[Greg] The very first draft of the manuscript started out as something along the lines of Breakfast Club meets classic Land of the Lost (but without Sleestaks), with a group of disparate teens who are sent (against their will) back in time.  Max was the geeky kid whose geekiness turns out to be particularly helpful, but none of the characters really resonated.

Finally, I decided to rework the thing as a family story and that’s when Max clicked.  He became real, not just “the geek,” and he interacts with his siblings in a way that’s much better grounded and much better informed by the family history.  It also let me grow his companions – his brother and sister -- making them into real people with real dynamics and, sometimes, attitudes and backstory that Max isn’t necessarily familiar with himself.   

[Uma] There are elements in the book that range from gently funny to laugh-out-loud. No spoilers, I promise, but I can't resist mentioning that there is a chocolate eating baby dromaeosaur that anyone would want as a pet. Tell me more about the humor in this book.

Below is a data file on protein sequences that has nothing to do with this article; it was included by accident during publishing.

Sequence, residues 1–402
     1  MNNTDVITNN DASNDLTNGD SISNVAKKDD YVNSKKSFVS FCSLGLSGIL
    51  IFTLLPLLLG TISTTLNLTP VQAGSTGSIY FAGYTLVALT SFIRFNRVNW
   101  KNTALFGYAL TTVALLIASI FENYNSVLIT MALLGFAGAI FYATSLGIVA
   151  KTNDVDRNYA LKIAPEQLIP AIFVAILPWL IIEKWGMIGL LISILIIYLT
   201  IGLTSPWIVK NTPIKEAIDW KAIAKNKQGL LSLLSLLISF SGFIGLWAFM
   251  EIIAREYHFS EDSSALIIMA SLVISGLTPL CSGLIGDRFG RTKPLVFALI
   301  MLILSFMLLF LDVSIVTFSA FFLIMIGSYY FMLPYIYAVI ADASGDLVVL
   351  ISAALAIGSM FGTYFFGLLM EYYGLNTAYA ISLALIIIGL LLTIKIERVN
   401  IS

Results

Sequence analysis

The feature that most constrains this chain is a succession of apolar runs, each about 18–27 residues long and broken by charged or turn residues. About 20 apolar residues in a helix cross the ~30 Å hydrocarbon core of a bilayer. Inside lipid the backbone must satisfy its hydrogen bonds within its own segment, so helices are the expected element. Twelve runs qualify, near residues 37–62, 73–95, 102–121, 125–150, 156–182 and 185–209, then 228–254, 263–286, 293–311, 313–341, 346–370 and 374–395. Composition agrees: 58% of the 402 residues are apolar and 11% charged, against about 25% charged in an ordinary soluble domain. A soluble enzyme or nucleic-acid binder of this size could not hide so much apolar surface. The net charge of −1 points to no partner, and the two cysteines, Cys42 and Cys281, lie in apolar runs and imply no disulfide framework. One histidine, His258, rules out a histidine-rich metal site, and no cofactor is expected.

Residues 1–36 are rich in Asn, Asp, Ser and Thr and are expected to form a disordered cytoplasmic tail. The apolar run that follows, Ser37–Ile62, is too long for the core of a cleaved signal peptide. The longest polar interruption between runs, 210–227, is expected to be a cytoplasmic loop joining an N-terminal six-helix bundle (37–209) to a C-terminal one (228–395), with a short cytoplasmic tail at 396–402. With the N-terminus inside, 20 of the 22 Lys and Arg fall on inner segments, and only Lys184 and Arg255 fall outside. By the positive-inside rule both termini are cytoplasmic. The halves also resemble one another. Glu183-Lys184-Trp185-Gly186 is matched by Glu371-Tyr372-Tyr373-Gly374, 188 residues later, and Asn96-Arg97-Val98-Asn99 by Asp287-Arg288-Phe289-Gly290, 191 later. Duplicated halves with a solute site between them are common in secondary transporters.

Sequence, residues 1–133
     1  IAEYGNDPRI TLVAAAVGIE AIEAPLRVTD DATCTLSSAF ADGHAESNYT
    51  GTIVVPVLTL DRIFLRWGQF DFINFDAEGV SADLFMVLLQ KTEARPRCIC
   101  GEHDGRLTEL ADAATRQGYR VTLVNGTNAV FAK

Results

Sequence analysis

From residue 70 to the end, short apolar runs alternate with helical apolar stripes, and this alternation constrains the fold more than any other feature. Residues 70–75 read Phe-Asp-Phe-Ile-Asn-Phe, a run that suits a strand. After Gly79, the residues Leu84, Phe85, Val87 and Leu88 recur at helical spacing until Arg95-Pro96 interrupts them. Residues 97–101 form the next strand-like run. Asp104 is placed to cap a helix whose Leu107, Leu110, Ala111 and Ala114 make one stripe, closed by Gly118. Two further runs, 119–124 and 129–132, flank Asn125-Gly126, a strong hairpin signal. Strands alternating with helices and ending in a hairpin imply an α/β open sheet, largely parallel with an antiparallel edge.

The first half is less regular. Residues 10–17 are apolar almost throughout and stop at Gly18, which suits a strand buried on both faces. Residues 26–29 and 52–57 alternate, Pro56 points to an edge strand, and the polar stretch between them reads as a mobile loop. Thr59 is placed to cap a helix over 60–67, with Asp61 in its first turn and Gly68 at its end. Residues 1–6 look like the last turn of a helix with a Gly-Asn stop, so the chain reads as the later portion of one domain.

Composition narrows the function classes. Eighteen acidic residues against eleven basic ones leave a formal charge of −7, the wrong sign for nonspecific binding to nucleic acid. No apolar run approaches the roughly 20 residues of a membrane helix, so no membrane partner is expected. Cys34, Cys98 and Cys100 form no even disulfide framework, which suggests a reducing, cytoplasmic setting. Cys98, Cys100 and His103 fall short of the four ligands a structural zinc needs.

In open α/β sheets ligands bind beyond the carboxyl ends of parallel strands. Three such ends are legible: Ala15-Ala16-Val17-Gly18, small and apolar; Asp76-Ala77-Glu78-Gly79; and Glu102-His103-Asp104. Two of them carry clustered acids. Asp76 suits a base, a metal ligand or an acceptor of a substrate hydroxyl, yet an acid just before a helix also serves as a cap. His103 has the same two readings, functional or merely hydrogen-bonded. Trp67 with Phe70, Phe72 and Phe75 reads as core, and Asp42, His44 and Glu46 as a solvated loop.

[Greg] Thank you.  My first two novels were basically character-driven comedies, in which my goal as a writer was to make the reader laugh (as well as think, but mostly laugh).  With Chronal Engine, I started out wanting it to be a sort of character-based action-and-adventure, getting the reader caught up in the danger and excitement.  I wanted to play it straight, though, because of the sort of slapstick cheesiness that you sometimes see in treatments of dinosaurs (think: the Will Farrell Land of the Lost).  But very early on, I realized that what I objected to in, say, the Farrell treatment wasn’t the humor per se, it was the fact that the audience is laughing at the characters, not with them and that there is nothing wrong with having the occasional humorous moments in a drama/action adventure, so long as they naturally arise from who and what the characters are (as they do for most of us all the time, and as they did in my first books).  Plus, I now had a sibling story and I think it’s required that siblings don’t necessarily take everything each other does seriously.